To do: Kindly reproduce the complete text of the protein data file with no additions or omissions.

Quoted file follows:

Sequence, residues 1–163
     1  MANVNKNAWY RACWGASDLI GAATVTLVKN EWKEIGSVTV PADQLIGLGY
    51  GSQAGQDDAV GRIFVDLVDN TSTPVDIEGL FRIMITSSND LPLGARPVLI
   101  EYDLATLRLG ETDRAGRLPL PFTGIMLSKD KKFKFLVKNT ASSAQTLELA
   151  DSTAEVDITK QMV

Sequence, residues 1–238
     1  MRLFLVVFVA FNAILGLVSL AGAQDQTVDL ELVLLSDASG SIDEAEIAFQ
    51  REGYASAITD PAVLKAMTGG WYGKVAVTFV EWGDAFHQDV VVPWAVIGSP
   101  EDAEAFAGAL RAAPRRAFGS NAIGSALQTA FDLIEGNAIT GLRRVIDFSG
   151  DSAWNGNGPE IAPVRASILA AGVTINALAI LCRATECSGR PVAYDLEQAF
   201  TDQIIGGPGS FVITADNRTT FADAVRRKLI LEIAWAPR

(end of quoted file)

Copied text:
Sequence, residues 1–163
     1  MANVNKNAWY RACWGASDLI GAATVTLVKN EWKEIGSVTV PADQLIGLGY
    51  GSQAGQDDAV GRIFVDLVDN TSTPVDIEGL FRIMITSSND LPLGARPVLI
   101  EYDLATLRLG ETDRAGRLPL PFTGIMLSKD KKFKFLVKNT ASSAQTLELA
   151  DSTAEVDITK QMV

Sequence, residues 1–238
     1  MRLFLVVFVA FNAILGLVSL AGAQDQTVDL ELVLLSDASG SIDEAEIAFQ
    51  REGYASAITD PAVLKAMTGG WYGKVAVTFV EWGDAFHQDV VVPWAVIGSP
   101  EDAEAFAGAL RAAPRRAFGS NAIGSALQTA FDLIEGNAIT GLRRVIDFSG
   151  DSAWNGNGPE IAPVRASILA AGVTINALAI LCRATECSGR PVAYDLEQAF
   201  TDQIIGGPGS FVITADNRTT FADAVRRKLI LEIAWAPR